Writing the perfect resume

Employers are busy. If they aren’t convinced that you are the right person for the job in the top quarter of your resume, they move on the next resume in the pile. This means your

Employers are busy. If they aren’t convinced that you are the right person for the job in the top quarter of your resume, they move on the next resume in the pile. This means your resume should be your personal advertisement. A resume should not be a list of your duties, but a list of your accomplishments and achievements.

College students and people with less than three years of experience should always use the chronological format. It presents a historical summary of the following categories: education, experience, activities, skills, honors and awards. The last two categories are optional. Skills can vary from languages to HTML to laboratory expertise.

Students often don’t know where to start when writing a resume. Keep these tips in mind as you develop the content for your resume.

    • Use a professional e-mail address that you check often. Create one if you don’t have one. Employers view e-mail addresses such as “sexibaby” or “thug4life” to be unprofessional. A common method is using your first or last name or initials. If that doesn’t interest you, use something neutral.
    • Create a bulleted list of statements to describe each job and activity. Start each statement with an active descriptive verb. For example: “Selected and interviewed students and professionals for features and other articles.”
    • Cater your resume to each job by including relevant job and activity information.
    • Put dates and locations for the following sections: education, work experience and activities. Estimate your graduation date, for example May 2005 or Dec. 2005.
    • Use numbers, percentages and dollar amounts if applicable. These examples could be used for various student organizations: “Increased membership by 8 percent,” “Managed a team of 10 student workers,” or “Oversaw a $100 allocations budget.”
    • Avoid writing in first or third person.
    • Remember to proofread. The Writing Center notes that typos indicate carelessness and lack of details, both of which are a turnoff for employers. Have at least one other person proofread your resume.
    • Keep in mind the appearance of your resume is just as important as the resume itself. Style makes a first impression and will determine whether or not you will get the job.
    • Use white or off-white paper.
    • Avoid graphics, fancy boxes and any other decorative items in Microsoft Word.
    • Make bulleted lists. Do not write in paragraphs. Make sure all bullets are aligned.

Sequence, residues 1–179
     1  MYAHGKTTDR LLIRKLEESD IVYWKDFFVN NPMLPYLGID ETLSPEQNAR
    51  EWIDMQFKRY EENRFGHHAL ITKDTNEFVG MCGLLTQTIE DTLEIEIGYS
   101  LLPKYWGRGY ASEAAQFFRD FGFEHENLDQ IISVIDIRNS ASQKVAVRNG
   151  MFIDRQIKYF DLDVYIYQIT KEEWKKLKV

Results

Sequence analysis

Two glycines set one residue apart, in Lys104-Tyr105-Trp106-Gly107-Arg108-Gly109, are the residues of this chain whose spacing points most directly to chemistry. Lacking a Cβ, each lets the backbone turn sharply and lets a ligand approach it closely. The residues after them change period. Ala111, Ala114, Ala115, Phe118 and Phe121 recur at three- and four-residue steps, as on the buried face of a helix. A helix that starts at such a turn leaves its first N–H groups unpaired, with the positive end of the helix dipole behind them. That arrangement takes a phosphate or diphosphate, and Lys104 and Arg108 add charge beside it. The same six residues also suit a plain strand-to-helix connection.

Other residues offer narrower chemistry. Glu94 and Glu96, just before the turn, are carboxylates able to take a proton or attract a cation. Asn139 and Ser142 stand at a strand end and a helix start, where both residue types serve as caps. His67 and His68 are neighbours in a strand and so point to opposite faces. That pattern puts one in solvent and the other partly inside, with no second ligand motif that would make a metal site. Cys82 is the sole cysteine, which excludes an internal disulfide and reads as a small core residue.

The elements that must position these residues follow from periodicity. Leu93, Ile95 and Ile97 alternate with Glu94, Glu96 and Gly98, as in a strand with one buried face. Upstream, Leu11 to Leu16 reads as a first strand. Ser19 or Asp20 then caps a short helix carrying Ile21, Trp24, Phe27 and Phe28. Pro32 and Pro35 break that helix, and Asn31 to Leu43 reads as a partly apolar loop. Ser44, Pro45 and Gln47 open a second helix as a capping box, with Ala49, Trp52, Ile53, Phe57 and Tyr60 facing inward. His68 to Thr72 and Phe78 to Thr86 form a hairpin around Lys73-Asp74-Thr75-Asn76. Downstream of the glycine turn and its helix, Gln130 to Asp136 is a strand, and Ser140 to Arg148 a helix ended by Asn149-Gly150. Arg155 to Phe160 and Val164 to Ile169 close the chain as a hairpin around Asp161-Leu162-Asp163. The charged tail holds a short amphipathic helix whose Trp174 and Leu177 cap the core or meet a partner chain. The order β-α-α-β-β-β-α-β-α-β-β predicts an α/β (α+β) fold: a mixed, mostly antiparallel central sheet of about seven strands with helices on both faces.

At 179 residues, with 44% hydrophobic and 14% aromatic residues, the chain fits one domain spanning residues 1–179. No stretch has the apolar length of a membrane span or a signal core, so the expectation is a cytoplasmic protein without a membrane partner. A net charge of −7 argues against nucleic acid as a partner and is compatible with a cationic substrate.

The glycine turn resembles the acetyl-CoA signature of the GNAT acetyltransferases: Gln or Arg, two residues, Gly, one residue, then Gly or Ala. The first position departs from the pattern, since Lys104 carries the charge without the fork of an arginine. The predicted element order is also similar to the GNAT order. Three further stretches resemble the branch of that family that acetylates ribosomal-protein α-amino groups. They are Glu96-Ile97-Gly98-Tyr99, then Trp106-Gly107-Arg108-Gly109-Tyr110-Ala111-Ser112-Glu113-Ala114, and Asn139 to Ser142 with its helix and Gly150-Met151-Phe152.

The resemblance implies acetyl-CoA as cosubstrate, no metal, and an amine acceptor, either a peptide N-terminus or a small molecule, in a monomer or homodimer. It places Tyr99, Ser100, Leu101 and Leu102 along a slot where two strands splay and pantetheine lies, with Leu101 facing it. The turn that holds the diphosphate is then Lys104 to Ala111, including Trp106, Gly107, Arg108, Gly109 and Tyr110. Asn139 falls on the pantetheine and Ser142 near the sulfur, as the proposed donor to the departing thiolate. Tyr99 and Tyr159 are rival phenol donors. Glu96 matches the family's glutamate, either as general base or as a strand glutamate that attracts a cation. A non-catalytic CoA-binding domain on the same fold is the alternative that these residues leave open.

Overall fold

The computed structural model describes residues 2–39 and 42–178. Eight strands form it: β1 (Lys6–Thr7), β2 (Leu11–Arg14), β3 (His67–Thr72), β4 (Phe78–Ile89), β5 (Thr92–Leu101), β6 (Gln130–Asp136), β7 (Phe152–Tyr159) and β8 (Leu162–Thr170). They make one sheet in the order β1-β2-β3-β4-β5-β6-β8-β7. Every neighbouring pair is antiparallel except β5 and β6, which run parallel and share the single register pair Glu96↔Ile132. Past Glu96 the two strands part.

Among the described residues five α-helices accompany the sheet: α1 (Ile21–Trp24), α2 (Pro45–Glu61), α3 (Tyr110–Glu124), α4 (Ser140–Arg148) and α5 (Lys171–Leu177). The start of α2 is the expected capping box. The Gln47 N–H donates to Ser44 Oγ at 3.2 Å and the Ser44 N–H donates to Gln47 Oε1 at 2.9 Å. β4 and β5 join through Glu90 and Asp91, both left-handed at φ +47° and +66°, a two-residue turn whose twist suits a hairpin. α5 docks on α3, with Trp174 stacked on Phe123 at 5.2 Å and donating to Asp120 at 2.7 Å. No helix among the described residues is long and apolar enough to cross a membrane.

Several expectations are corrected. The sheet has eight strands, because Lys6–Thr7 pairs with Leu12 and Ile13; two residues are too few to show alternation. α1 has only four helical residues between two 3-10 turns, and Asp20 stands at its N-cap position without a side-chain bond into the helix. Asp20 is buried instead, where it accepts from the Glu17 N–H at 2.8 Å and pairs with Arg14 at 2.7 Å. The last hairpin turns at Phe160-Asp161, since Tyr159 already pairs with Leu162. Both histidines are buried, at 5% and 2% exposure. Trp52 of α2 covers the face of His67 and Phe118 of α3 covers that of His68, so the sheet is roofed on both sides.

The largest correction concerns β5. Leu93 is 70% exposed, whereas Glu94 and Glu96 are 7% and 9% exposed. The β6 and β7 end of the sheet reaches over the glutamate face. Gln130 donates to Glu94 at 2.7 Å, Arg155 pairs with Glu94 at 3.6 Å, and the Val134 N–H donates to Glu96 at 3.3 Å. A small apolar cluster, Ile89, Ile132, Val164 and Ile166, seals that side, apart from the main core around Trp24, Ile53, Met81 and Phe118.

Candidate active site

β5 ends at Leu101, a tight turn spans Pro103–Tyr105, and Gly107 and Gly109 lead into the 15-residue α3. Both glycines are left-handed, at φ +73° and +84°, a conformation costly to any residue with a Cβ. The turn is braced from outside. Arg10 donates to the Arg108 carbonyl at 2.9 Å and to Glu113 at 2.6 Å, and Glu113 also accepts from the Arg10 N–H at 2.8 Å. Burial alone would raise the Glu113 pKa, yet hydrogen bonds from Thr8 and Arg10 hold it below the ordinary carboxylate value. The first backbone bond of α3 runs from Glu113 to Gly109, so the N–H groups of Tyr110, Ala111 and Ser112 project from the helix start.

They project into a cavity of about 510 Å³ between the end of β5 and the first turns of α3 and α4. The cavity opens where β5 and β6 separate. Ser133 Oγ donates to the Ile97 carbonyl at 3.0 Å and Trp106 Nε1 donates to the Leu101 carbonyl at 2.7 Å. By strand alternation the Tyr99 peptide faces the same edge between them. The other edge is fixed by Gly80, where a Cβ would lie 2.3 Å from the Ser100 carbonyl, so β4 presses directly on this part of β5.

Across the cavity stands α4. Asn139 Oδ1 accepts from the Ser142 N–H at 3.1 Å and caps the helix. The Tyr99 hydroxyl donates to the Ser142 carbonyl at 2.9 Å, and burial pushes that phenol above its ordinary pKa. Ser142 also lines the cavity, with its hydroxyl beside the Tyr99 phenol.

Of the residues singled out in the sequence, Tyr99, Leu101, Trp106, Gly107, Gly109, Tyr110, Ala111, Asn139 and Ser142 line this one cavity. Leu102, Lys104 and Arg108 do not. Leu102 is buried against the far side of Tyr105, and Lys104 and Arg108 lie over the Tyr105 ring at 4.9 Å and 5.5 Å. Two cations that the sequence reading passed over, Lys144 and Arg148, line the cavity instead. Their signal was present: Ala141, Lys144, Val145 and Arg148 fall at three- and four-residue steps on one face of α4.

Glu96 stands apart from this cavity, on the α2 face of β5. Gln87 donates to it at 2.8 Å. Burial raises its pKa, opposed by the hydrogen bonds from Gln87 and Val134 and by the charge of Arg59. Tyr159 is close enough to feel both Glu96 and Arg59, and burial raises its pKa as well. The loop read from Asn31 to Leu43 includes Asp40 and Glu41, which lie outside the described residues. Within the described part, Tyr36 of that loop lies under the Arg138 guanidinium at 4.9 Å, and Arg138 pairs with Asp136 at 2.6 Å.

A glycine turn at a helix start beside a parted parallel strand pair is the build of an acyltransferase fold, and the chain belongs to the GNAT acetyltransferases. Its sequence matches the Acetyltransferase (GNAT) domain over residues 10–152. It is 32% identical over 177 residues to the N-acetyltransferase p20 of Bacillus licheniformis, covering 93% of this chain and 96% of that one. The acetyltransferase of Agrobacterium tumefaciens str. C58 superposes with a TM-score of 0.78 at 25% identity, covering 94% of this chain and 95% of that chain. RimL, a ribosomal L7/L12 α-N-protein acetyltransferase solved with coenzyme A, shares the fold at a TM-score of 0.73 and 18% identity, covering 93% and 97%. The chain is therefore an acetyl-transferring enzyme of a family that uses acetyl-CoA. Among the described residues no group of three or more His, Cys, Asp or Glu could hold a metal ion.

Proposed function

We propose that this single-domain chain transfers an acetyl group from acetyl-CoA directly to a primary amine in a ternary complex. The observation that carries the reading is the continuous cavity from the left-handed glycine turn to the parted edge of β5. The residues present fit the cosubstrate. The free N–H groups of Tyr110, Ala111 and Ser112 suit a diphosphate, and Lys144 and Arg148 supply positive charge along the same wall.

• Use a font size between nine and 12.
    • Many employers require resumes through e-mail or fax. When sending your resume as an attachment do not name your resume “resume,” as employers get hundreds of other resumes with the same exact title. Help the employer remember your name by using your name in the title of the documents. Faxes should be in a sans serif font, such as Arial or Verdana, since they scan better than serif fonts such as Times New Roman.
    • Four resume topics that have always been the subject of much debate are length, the objective or summary, GPA and references.
    • Keep it to one page. Two-page resumes are only used by people with extensive experience.
    • Find an objective. An objective is a short phrase at the top of your resume explaining your target job, for example “A summer internship in financial accounting with a large, public accounting firm.” Only college students and recent graduates use objectives. Use one if you have a targeted job such as mentioned in the example. Do not use one when you are at a job fair, as you cannot be specific about your targeted job or are qualified for more than one position.
    • Include your GPA if you are majoring in a technical field and it is above 3.0. It is optional for all other fields. However, employers in certain fields may assume it is lower if it is missing.
    • Do not write “References available upon request.” List two to five references on a separate sheet of paper. Include their job titles, the name of the companies where they work, and their work addresses and phone numbers. You can choose to send a reference sheet with your resume or wait until employers ask for one.

    Visit Career Development Services and the Writing Center for more information on resumes, cover letters and interviewing.

    Stephanie Young can be reached at sunbeam@temple.edu.

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